Next I had a chance to visit with Stan Oppenheim and Dan Oppenheim at Affiliated Monitoring. Looking forward to seeing their new monitoring station the next time I get to NYC.

And, I wrapped up Day 1 after catching up with Will Schmidt and other CapitalSource folks.

THURSDAY, April 11

Is Thursday Day 2 or Day 3 of the show? Officially, it’s Day 2, but with so many events scheduled for Tuesday, it really is Day 3 for most of us.

Whichever day it was,  it kicked off brilliantly with the fourth annual Security 5K!

We had a different course this time. Rather than starting near the Fashion Show Mall, the 2013 start line was a half-mile jog or bus ride away from the Sands in an office park of sorts. The course was a completely flat out-and-back labyrinth of switchbacks. Best course yet in my opinion. It wasn’t exactly bucolic, but the office park was considerably greener and cleaner than past year’s courses, and it was fun to watch the crowd of runners ahead of you snaking back and forth around the park. And because of the switchbacks, the finish line appeared closer than it really was.

More than 400 finished the 5K and there was a big crowd for the 2K as well.

Most important, we raised more than $90,000. Mike Perkins of Anixter raised more than $7,000 with his company match. Jesse and Nicole Foglio raised $2,350, and Bob McKee raised $1,685.

Mission 500’s George Fletcher said that 650 people registered for the race. If each person raised $100, we would raise $65,000 before any extra fundraising efforts—something to think about for 2014.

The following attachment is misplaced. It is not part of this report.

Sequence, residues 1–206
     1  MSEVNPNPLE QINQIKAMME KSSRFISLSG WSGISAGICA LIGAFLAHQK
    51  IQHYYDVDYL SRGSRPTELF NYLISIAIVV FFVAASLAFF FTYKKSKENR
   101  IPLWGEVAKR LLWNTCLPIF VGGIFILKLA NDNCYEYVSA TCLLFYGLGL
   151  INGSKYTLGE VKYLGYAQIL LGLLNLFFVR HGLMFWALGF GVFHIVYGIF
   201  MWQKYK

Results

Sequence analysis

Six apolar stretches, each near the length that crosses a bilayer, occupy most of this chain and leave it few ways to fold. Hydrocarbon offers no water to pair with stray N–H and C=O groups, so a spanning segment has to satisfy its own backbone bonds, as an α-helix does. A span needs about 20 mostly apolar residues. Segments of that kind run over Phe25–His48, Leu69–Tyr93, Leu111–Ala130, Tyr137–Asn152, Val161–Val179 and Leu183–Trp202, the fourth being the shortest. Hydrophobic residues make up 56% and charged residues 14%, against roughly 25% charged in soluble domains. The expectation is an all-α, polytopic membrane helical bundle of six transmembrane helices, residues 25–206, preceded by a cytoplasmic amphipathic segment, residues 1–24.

Back on the show floor on Thursday morning I did an ssnTVnews interview with John Mack, managing director and head of M&A for Imperial Capital. We were talking about the availability of financing and the flow of PE money into the industry. Here’s an interesting statistic: More than half of the top 20 alarm companies are now owned or have majority ownership by private equity firms. Five years ago “it was just a handful,” he said.
It’s a great time for alarm company owners and integrators to refi their debt or make acquisitions, Mack added.

I stopped by the Stanley booth on my way to Denis Hebert’s HID Global Strategy Briefing, which was packed, as usual. Hebert gave a great presentation. His focus this year was on the opportunities and potential pitfalls the security industry needs to be aware of as access control goes mobile. The move to mobile will “redefine credential use and management” he said. As a result, “best practices” for end users and integrators will become more important than ever. Privacy is an increasingly crucial element for all stakeholders to consider, he added.

Next I met with George Farley at Observint Technologies. Owned by The Carlyle Group, Observint was formed in 2006 with the goal of acquiring security-focused companies. Observint acquired Supercircuits in 2006. It subsequently bought Security Cameras Direct, DIGIOP and SC Technologies. Last summer it helping LG Electronics relaunch its security products in the United States, and this past November it acquired access control provider infinias. Farley said the last six months have been “all foundational work for us. … [building] a comprehensive sale and support solution.” That was Phase 1, he said. Observint is in Phase 2 now, he said, which is centered on its distribution partnership. Digiop and Infinias had distinct partners before the acquisition, and Observint is finalizing relationships with a variety of distributors, Farley said. The next phase will focus on the dealer, “building a robust and differentiated program … that will include demand generation support and sales support.”